Beer Can Chicken

It’s almost the day of the big game, you know the game where you’d rather see the commercials than the actual  football being played?  Yep it’s almost Super Bowl Sunday and why not take a break from the normal chicken wings, cock tail wieners, or chips with dip and make something that will taste great and is a great source of protein.  Today I’m sharing a recipe that many of our customers use to cook our broiler chickens, the Beer Can Chicken!  Wait, you’ve never heard of beer can chicken?  Well let me tell you what, it’s some good eating, great flavor, and you get to do something fun during the cooking, drink beer.

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There are many different variations of this recipe on the internet, so you can either use this one, try a different search for a recipe, or even use a different cooking method like a grill, smoker, or whatever suites your fancy.  Today I’m sharing a recipe that is for a baked chicken.

Here is what’s needed:

Directions:

  1. Preheat oven to 350 degrees F (175 degrees C).
  2. Mix the garlic powder, seasoned salt, onion powder, dried oregano, salt, and ground black pepper in a small bowl; set aside. Pour 1/3 of one can of beer into the bottom of a 9×13-inch baking dish. Place the open beer can in the center of the baking dish.
  3. Rinse chicken under cold running water. Discard giblets and neck from chicken; drain and pat dry. Fit whole chicken over the open beer can with the legs on the bottom. With the breast of the chicken facing you, use a paring knife to cut a small slit on each side and press the tip of each wing into the slit to encourage even cooking.
  4. Rub the prepared seasoning mixture to taste over the entire chicken. Pat the sliced green onions around the whole chicken evenly. Some will fall into the beer, that’s fine. Press the halved green onions into the top cavity of the chicken. Open the remaining beer and pour 1/2 of it into the pan under then chicken. Reserve the remaining beer.
  5. Bake the chicken in the preheated oven. After 45 minutes, pour remaining beer into the pan under the chicken. Continue baking until no longer pink at the bone and the juices run clear, about 30 additional minutes. An instant-read thermometer inserted into the thickest part of the thigh, near the bone should read 180 degrees F (82 degrees C). Remove the chicken from the oven and discard the beer can. Cover the chicken with a doubled sheet of aluminum foil, and allow to rest in a warm area for 10 minutes before slicing.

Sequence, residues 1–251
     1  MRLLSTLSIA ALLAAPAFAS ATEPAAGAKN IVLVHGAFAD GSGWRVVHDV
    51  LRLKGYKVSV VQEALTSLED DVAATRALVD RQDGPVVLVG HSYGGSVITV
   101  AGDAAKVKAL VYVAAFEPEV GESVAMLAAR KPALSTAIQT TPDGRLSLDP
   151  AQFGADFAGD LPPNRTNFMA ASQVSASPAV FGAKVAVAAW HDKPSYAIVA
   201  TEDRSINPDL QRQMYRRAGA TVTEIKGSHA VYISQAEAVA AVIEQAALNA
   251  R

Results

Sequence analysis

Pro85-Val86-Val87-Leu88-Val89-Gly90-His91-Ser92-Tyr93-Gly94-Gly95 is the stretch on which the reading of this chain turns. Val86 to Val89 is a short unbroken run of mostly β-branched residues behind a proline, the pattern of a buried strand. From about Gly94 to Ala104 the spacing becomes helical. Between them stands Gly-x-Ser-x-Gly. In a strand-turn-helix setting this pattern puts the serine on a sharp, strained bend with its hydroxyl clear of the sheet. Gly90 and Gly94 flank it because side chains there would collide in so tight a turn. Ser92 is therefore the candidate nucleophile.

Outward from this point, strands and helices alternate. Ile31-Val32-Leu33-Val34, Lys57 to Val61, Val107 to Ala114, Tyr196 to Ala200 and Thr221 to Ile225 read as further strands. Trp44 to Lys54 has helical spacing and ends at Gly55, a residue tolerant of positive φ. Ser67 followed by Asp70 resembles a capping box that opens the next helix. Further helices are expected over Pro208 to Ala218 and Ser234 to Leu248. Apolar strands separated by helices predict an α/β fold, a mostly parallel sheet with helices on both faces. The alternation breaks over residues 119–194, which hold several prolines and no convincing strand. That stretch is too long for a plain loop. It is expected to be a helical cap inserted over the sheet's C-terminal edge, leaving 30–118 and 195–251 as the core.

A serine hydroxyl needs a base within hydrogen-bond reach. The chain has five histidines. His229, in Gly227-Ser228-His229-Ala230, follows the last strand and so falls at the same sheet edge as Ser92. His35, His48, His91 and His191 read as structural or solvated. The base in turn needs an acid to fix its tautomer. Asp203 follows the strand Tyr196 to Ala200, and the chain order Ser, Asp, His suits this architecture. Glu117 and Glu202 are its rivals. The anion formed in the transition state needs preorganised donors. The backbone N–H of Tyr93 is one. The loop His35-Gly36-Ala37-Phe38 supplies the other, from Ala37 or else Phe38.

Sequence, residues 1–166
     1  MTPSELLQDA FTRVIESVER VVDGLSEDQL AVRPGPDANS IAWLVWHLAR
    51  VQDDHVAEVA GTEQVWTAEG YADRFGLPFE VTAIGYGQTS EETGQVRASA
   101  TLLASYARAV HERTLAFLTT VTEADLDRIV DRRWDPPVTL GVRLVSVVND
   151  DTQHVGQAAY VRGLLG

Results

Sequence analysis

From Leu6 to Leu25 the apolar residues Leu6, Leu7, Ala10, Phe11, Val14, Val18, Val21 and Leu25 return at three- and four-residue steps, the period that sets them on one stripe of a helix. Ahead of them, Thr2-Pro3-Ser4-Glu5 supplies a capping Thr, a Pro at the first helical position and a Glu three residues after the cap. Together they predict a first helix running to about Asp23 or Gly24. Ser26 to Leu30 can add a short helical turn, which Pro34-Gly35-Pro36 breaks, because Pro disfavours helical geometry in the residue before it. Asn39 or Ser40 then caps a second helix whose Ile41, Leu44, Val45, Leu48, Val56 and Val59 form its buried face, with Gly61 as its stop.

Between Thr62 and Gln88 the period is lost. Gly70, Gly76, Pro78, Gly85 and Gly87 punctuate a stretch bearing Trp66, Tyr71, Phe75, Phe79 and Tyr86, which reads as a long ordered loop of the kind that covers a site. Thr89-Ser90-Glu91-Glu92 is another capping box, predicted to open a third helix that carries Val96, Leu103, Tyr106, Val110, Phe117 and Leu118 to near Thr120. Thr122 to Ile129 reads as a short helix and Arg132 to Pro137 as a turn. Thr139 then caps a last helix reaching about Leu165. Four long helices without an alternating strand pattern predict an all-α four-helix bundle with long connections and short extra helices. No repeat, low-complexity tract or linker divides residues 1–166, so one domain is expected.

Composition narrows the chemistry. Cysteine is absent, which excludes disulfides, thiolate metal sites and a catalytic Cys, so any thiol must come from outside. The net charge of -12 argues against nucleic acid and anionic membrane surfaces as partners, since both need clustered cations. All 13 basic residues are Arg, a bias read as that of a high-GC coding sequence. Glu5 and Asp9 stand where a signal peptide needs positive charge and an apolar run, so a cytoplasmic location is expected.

Note: This recipe was a variation of one from stacycd on http://www.allrecipes.com

Please feel free to add or subtract any spices that you may or may not like, it’s totally up to your taste buds.
I hope that you’ll think of trying out this recipe either this weekend or maybe later this year when we have some chickens to sell to you.  I was at the elevator this afternoon and they were telling me to get ready to order my chicks starting in March, I love hearing those words as that means spring is on it’s way!
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The Great Debate

So I’ve been thinking, it’s near the end of January and it’s Presidential election year, and I have NO idea who to give my vote.  I see posts on social media, watch some of the nightly news, and all I see is thoughts and views from either far out Republicans or very liberal Democrats.  Where does one start to do research and find out the facts on the candidates?  I don’t want this to turn into people from the right or left bashing each other or pushing any certain side.  I guess what I’m looking for is something or be it some one in the middle of the ring.  This is a great country, but I believe we have lots of work to do to make it even better and I think we should have a new president who can do that for us.  Is that too much to ask?

Give me your thoughts, ideas, and facts that will help me choose.  What types of things do you do to pick the right person for the job?  You can comment at the bottom of this page or post on my social media pages either on Facebook or Twitter, my Twitter handle is @Randolph725  Thanks in advance for your sincere ideas and concerns!

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Buyer Beware!

 

How many of you gone in the grocery store lately and seen a label on a package of meat that says “Farm Raised”?  Did you think twice when you saw this label?  There are so many marketing ploys out there now with food labels and you really have to think twice on what you’re buying.

My favorite label is the one for free range chickens; did you know that for an animal to be considered free range it just has to have the availability to range?  You could also have a trough full of yummy corn in the barn that the livestock really enjoy!  Shocking right?  The consumer buying said animal may see the a difference in price at the cash register from $.25-.50 per pound.  That adds up fast if you’re feeding a family.

Other commonly used marketing slogans when trying to sell products in the meat case:

  • Natural – According to the USDA a product labeled “Natural” can have no artificial ingredients, coloring agents, not chemically processed, or minimally processed.  Many meats like chicken, turkey, beef, etc can be labeled with this
  • Grass Fed – unless Certified by the USDA, any animal fed grass could have the label Grass Fed on it if it was fed grass during it’s life cycle.
  • Farm Raised – All livestock sold in the grocery store are probably farm raised.  I mean seriously, how many pigs do you know raised in a town home?